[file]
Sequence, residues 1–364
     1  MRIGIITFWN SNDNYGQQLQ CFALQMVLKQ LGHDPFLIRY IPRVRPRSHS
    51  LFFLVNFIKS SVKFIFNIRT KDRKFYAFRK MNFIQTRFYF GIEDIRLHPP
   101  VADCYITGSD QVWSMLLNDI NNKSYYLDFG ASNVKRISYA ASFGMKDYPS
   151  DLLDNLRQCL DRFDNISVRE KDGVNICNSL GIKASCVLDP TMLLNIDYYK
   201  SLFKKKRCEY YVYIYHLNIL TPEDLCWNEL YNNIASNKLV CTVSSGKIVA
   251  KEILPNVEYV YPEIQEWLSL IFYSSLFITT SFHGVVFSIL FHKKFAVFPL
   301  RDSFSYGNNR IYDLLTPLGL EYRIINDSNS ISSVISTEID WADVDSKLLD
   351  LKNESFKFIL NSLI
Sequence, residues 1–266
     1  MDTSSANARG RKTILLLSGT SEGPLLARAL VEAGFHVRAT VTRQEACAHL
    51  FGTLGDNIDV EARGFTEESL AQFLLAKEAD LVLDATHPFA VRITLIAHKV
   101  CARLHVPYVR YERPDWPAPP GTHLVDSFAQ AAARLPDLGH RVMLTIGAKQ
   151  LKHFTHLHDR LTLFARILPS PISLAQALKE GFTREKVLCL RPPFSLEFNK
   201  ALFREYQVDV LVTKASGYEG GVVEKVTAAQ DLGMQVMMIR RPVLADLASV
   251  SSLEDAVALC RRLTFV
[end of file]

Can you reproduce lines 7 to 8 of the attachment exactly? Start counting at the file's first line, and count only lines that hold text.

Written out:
   251  KEILPNVEYV YPEIQEWLSL IFYSSLFITT SFHGVVFSIL FHKKFAVFPL
   301  RDSFSYGNNR IYDLLTPLGL EYRIINDSNS ISSVISTEID WADVDSKLLD